Don’t tell Woodrow Glazer perfection isn’t possible.
Glazer, 17, is a member of the New Prague High School trap team and reigning state and national champion for the USA High School Clay Target League, the nation’s largest youth shooting-sports organization.
For any wing-shooter who has attempted to turn those small, fast-flying discs called clay pigeons into plumes of dust, Glazer’s feat seems unfathomable: In both individual events in June and July the upcoming senior with a 3.7 GPA didn’t miss a single target with his customized 12-gauge shotgun — a Browning 725.
Not. A. Single. Target.
“It’s pretty hard to get your head around — everyone was awestruck by what they were watching,” said Joe Glazer, Woodrow’s father.
“He’s really, really good,” said one of his teenage competitors.
“It was pretty darn amazing to watch,” said organization founder Jim Sable. “It’s something you don’t expect to see.”
For his part, Glazer somewhat shrugged off his success, saying only that he “put in a lot of practice time” and that he was happy he has a league in which to shoot — a league, and a sport whose growth and popularity in Minnesota and across the nation continues to ascend while defying skeptics who say “guns and schools” can’t coexist safely.
“I was prepared,” said Glazer, who started shooting clay pigeons thrown by his father in grade school, of winning both titles. “I was focused and locked in.”
Worried about the decline in members at local gun clubs in 2001, Sable, 79, of Plymouth, a longtime firearms safety instructor, Plymouth Gun Club member and hunter, decided to act. His goal: invigorate Minnesota’s shooting sports and its graying demographics (the average age of gun-club members was nearly 57, according to one study, Sable said) by attracting, and mentoring, youth shooters. “I was asked at the time where I was going to find them … and I said the schools,” Sable said. “That’s where the kids are.”
In 2008, Sable had three teams and 30 participants. Today, Minnesota has 343 school-approved teams and nearly 12,000 participates (boys and girls) from grades 6-12.
In 2014, because of increasing demand, Sable formed the USA High School Clay Target League, a nonprofit national umbrella group for state membership. The organization today boasts 26,000 student-athletes and 800 school-approved teams in 26 states. Roughly 70 percent of new participants, Sable said, never shot trap or skeet before formally joining a team. All must have a firearms safety certificate to participate.
“I’ve been asked if our growth has hit a plateau, but what you have to remember is that we lose about 20 percent of participants each year because of graduation,” Sable said.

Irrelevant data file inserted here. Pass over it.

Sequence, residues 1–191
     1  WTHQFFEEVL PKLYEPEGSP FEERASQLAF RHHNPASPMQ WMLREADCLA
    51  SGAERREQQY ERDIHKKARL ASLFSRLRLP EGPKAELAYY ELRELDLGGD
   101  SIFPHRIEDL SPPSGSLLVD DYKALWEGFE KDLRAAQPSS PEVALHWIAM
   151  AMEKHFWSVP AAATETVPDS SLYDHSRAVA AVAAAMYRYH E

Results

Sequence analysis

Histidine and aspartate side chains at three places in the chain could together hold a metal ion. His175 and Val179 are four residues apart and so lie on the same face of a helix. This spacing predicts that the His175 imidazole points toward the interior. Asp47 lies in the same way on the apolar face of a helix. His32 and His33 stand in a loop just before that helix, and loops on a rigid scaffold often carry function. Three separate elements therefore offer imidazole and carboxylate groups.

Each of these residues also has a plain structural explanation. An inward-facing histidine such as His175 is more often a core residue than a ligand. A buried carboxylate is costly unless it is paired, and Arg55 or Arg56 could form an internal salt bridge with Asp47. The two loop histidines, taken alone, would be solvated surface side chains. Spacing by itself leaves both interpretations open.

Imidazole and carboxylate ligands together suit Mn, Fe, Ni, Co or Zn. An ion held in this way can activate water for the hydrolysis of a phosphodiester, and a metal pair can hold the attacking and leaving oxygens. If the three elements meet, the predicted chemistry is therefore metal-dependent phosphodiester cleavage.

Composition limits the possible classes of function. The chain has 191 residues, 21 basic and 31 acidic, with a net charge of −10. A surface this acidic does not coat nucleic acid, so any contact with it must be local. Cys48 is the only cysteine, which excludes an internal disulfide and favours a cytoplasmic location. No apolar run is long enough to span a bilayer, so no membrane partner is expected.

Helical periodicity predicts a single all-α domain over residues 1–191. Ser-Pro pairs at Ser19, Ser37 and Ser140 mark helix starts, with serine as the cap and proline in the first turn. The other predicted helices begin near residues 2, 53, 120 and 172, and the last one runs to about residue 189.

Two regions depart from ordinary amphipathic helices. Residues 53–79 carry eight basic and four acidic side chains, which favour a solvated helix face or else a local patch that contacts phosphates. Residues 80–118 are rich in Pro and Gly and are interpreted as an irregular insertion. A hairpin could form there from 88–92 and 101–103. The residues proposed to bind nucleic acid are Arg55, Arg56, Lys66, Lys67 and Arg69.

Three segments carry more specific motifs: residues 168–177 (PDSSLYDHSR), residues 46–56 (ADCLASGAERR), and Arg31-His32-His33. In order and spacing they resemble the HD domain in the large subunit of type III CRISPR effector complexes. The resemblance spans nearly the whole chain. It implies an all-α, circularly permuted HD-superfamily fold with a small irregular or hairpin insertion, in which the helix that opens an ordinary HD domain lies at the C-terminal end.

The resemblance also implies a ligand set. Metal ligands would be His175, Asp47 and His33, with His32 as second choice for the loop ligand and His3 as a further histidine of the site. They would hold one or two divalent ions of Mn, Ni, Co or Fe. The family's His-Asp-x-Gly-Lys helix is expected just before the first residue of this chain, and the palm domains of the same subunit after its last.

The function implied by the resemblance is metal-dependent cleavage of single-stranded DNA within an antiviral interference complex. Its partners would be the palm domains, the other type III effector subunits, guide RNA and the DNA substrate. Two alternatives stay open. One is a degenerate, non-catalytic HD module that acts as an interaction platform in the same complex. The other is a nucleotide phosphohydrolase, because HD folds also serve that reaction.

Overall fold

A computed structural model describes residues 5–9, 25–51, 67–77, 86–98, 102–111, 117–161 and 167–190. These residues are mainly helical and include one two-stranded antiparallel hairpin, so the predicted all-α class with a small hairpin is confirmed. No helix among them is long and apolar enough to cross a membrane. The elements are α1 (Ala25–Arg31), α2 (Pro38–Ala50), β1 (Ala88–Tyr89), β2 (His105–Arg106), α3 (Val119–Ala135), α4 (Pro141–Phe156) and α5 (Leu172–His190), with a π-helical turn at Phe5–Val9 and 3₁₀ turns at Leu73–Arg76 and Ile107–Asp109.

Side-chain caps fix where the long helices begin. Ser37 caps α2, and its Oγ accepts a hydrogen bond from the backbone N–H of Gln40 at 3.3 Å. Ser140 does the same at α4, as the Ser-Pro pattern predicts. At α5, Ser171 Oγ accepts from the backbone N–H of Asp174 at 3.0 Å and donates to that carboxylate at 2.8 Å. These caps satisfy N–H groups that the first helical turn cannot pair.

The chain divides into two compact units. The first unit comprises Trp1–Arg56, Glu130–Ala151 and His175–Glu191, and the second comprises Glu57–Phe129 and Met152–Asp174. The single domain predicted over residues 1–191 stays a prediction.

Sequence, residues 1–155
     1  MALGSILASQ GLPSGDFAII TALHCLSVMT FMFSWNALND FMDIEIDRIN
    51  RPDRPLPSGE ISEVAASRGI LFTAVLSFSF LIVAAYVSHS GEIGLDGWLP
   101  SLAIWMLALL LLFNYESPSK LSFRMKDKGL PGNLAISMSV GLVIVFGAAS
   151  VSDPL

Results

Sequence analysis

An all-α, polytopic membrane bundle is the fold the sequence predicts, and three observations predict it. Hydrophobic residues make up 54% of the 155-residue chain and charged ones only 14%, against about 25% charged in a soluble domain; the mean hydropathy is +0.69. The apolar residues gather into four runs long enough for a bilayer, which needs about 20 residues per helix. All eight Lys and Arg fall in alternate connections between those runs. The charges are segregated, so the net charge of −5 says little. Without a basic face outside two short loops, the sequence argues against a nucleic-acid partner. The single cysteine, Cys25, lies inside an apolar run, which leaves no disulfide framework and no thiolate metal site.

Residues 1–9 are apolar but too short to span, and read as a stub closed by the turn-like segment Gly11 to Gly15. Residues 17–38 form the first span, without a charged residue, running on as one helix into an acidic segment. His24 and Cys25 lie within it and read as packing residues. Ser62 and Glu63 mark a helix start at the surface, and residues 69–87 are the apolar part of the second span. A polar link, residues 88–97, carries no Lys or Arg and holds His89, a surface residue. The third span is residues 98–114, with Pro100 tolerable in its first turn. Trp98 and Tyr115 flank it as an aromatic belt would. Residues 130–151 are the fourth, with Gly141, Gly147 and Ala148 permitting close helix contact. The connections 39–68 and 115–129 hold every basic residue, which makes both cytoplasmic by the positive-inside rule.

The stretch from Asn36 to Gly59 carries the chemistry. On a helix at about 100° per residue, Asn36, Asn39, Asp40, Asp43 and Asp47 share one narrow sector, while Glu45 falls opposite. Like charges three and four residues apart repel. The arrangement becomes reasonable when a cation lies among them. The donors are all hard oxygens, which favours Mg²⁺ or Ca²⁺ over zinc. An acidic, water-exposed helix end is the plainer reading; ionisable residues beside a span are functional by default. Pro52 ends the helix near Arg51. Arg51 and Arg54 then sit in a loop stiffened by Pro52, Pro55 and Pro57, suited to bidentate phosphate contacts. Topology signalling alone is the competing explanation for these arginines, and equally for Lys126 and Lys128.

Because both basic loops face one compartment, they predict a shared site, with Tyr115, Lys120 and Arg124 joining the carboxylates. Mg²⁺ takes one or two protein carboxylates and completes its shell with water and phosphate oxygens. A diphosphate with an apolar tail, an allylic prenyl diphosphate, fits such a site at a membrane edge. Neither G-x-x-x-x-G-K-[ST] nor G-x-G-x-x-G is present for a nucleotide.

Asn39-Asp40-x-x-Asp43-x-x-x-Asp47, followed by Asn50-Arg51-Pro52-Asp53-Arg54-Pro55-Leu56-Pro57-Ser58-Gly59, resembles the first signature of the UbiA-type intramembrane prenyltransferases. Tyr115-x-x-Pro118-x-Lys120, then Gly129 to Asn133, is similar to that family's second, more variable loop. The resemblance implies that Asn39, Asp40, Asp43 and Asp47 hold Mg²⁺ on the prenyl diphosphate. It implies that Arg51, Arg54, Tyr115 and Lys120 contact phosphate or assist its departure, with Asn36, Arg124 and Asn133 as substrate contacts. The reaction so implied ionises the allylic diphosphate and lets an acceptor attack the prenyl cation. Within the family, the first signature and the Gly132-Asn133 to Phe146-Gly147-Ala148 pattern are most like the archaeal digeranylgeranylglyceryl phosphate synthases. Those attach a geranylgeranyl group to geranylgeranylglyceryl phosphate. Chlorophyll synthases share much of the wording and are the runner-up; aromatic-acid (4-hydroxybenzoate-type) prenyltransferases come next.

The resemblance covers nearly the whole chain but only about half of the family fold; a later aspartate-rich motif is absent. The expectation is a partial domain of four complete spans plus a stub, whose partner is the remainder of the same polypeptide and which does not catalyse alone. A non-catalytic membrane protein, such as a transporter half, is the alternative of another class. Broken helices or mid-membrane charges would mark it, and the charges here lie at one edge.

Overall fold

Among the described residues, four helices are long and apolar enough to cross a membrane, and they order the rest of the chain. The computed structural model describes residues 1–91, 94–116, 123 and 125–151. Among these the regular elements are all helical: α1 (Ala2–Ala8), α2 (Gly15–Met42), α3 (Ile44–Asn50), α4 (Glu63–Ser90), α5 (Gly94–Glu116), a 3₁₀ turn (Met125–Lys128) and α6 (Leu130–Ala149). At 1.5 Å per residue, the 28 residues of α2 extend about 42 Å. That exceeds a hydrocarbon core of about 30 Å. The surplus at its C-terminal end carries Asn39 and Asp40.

This year’s first-ever national tournament in Mason, Mich., Sable said, was “somewhat” bittersweet. Sweet, because roughly 2,275 kids from 20 states participated, attracting roughly 7,000 fans for the multi-day event. Bitter, only because Minnesota doesn’t have a shooting facility large enough to hold such an event in a reasonable window of time. Working with state officials and others, Sable said a handful of studies beginning in 2005 have been conducted to determine the best site for such a facility. The latest, in 2018, identities 10 possible sites in and around the metro area.
“It’s been frustrating,” said Sable of not having a new facility in Minnesota. “We’re turning away a lot of kids in some areas because existing gun clubs are maxed out. But I believe we’re going to get a new facility at some point in the future. I’m an optimist.”
Along with four other competitors, Glazer won the state championship in Alexandria by hitting 100 trap targets in a row. At the nationals in Michigan, and after hitting 200 targets in a row, Glazer eventually found himself in a shoot-out against Mason Milbrand, a 16-year-old junior from Norwood-Young America High School.
“It was just nerve-racking to watch,” Joe Glazer said.
On the 30th throw from 24 yards, Milbrand missed, and Glazer did not. All totaled, Glazer shot a perfect 330 targets in two individual events.
Said Milbrand: “I knew I missed the second I pulled the trigger. But I surpassed all my expectations — and I lost to Woodrow, who is so good. I can’t feel too bad about that.”
Glazer, who says he’d like to shoot competitively in college, said his success is largely the result of good old-fashioned hard work. Along with other team members from New Prague, he practices regularly on a trap-shooting simulator at his coach’s house. He also competes in other tournaments, including those that feature skeet and sporting clays, across the country.
“Shooting fundaments will keep your average up, but to break big scores and win tournaments, you have to be in the zone mentally,” Glazer said. “You can’t win if you can’t find that focus. I’ve been able to do that.”
Tori J. McCormick is a freelance writer living in the Twin Cities. Reach him at firstname.lastname@example.org